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Dan K. Thomasson: National Capital, Armed and Dangerous

September 16, 2008

By Dan K Thomasson

The National Rifle Association has designated as “must” legislation a bill that, according to law enforcement officials, would not only eliminate most of the District of Columbia’s firearm control efforts but also permit the carrying of semi-automatic rifles and handguns on the streets of the nation’s capital.

And when the NRA speaks, members of Congress on both sides of the aisle quake. Welcome to Baghdad on the Potomac, fellow Americans!

This, of course, follows the “brilliant” decision of the U. S. Supreme Court this summer negating the District’s strict anti-gun laws and establishing for the first time that the Second Amendment clearly gives us all the constitutional right to have the capability of shooting one another. Since that time, Washington officials have tried to come up with city legislation that would preserve to some degree control over firearms in a city where gun violence is an everyday occurrence.

The House then is expected to pass this abomination and not a much saner approach that was meant to bring the city’s laws into conformity with the court’s narrow decision — a 5-4 disgrace that completely ignored the statistics of death and destruction brought on by unfettered gun access nationwide and even the historic context that brought about the inclusion of the Second Amendment in the Constitution. But that horse already has been shot so beating it makes little sense, at least until the anti-gun forces can bring enough offsetting pressure to bear on the issue.

The bill has been introduced by a back bench Mississippian who apparently believes that an AK-47 or a Mac 10 handgun are suitable accessories to one’s everyday dress despite warnings from the city’s police chief that the measure is courting disaster. Both D.C. Police Chief Cathy Lanier and Chief Phillip Morse of the U.S. Capitol Police and a number of other law officers charged with safeguarding the citizenry raised the specter of a downtown firefight, predicting passage of the measure would make it extremely difficult to protect national leaders and foreign dignitaries here. Lanier said it would permit anyone to openly carry a battlefield weapon, and a legal analysis issued by the House Committee on Oversight and Government Reform backs her up. The NRA challenges this, of course.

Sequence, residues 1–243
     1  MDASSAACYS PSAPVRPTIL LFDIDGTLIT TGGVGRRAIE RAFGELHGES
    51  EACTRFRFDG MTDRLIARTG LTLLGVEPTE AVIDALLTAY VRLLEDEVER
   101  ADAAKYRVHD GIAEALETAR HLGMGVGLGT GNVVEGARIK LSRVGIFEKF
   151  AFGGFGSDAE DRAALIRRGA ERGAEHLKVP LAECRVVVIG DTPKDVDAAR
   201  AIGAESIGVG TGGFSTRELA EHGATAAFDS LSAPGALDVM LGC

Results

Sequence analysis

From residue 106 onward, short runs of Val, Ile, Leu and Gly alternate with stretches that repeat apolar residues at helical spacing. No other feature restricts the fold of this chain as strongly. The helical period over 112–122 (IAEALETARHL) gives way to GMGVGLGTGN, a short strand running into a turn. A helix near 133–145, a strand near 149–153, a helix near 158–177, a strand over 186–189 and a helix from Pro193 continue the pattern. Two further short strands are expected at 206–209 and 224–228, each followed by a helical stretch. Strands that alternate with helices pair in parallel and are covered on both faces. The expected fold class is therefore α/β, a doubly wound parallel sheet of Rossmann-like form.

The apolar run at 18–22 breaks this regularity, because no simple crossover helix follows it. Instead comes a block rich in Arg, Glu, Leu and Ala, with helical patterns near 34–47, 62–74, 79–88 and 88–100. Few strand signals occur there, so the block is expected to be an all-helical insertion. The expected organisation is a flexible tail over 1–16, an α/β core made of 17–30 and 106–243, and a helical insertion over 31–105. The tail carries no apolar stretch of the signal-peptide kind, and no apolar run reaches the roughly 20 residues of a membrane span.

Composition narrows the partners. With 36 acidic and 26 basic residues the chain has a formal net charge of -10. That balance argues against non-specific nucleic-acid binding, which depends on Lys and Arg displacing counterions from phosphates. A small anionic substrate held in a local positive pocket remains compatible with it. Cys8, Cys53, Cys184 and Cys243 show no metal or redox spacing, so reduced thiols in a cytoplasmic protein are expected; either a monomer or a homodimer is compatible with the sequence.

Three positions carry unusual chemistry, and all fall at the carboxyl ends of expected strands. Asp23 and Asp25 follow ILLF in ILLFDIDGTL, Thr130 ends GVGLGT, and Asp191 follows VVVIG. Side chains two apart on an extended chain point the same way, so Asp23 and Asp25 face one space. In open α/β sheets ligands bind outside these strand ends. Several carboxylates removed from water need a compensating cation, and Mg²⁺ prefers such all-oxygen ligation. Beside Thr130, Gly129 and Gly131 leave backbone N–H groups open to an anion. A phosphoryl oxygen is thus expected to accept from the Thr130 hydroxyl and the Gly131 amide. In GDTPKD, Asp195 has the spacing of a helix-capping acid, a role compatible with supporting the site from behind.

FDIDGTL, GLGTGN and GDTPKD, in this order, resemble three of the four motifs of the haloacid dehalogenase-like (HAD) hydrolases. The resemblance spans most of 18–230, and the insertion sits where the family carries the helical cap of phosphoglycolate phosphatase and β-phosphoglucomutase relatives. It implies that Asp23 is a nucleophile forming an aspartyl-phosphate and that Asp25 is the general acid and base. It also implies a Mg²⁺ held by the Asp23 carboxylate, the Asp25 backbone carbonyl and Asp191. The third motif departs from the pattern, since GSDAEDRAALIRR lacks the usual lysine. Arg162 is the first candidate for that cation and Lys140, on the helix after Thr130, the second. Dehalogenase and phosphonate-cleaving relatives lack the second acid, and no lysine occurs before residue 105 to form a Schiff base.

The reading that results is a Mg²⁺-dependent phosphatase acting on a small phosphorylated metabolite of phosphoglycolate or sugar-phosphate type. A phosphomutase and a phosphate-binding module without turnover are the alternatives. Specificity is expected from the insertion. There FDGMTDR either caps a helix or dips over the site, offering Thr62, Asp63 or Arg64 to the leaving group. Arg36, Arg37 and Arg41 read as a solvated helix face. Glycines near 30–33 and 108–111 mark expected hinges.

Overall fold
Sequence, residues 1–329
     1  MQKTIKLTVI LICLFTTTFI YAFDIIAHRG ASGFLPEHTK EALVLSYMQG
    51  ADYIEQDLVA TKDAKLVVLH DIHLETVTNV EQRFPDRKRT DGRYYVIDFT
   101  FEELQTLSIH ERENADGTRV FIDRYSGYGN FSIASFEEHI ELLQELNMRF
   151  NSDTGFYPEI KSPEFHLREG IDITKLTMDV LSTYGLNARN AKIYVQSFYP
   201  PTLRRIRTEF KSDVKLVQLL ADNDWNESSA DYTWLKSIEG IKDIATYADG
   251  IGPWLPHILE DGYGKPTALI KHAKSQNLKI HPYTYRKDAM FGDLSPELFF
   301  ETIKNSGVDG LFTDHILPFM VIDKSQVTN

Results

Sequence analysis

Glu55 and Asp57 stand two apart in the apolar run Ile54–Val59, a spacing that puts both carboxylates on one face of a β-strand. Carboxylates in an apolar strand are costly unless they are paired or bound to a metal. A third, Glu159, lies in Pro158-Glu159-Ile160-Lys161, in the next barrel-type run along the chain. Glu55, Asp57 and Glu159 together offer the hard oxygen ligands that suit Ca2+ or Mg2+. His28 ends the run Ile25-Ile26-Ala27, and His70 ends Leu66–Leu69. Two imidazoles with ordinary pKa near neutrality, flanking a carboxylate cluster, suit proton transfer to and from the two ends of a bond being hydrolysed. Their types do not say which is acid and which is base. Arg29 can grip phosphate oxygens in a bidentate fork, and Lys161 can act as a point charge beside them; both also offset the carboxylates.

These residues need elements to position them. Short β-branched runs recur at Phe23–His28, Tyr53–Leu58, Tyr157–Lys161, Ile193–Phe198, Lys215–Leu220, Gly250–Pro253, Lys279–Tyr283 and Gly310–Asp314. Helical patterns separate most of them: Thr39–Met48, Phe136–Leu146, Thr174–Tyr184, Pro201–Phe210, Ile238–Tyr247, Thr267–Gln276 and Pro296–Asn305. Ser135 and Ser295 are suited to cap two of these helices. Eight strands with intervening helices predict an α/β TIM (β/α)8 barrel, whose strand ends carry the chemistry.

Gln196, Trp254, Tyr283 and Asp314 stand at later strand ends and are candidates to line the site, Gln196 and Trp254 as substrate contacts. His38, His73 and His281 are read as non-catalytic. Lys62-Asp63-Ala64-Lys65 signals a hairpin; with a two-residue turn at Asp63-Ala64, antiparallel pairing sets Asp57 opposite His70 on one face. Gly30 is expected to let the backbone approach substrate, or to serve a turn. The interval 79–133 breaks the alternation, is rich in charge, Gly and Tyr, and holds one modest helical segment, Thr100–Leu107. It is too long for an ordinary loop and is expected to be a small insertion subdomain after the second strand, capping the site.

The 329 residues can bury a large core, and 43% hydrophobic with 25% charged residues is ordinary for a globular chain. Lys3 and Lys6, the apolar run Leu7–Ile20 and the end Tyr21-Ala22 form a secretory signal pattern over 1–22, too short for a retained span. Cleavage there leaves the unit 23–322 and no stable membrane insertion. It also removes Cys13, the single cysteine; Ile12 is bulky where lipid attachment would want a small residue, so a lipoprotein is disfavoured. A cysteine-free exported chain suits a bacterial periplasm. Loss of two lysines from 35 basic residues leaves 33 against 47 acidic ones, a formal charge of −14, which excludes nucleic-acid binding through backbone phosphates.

Under these conditions it seems reasonable to ask whether you would like to attend the ceremonies surrounding the inauguration of a new president? If the answer is yes, it might be wise to buy the best body armor available and throw in a helmet for good measure. There are only two scenarios that can result here. Both are horrible. Police officers and civilians are killed or wounded in a firefight or the president and half the cabinet are wiped out by terrorists who look just like average Americans carrying their legal weapons of mass destruction to the parade.

It is hard to comprehend that in an atmosphere where terrorism is a constant threat in a town that by its very nature is among the most vulnerable that any person or organization would recommend such thoughtless and irresponsible action. More devastating is the possibility that a large number of both Republican and Democrat lawmakers would even consider voting for it. But they will do so because being sensible in this instance might endanger their reelection.

Worse perhaps is the silence so far of the Secret Service, the agency that must protect the president and visiting foreign leaders. The agency declined to appear at committee hearings on the bill or even to say why. The heavy betting was that the White House had some hand in that decision for fairly obvious political reasons. One can only hope that it doesn’t come back to haunt President Bush or his successor and their fearless protectors. Well, so much for homeland security and doing the right thing.

It is iffy, given time restraints, whether the Senate can pass this nonsense even if the House does. The NRA is keeping its trigger fingers crossed that its influence is strong enough to make that happen even if the end of the month is targeted for adjournment day. What a shameful piece of business. It is one thing to permit the ownership of handguns and regular rifles for one’s protection but quite another to allow the public ownership and display of weapons that have only one purpose — the elimination of as many people as possible.

To paraphrase Al Pacino in “Scarface,”"Say hello to their leetle friends.”

Dan K. Thomasson (thomassondan@aol.com) is former editor of the Scripps Howard News Service.

Originally published by Dan K. Thomasson, Syndicated columnist.

(c) 2008 Oakland Tribune. Provided by ProQuest LLC. All rights Reserved.




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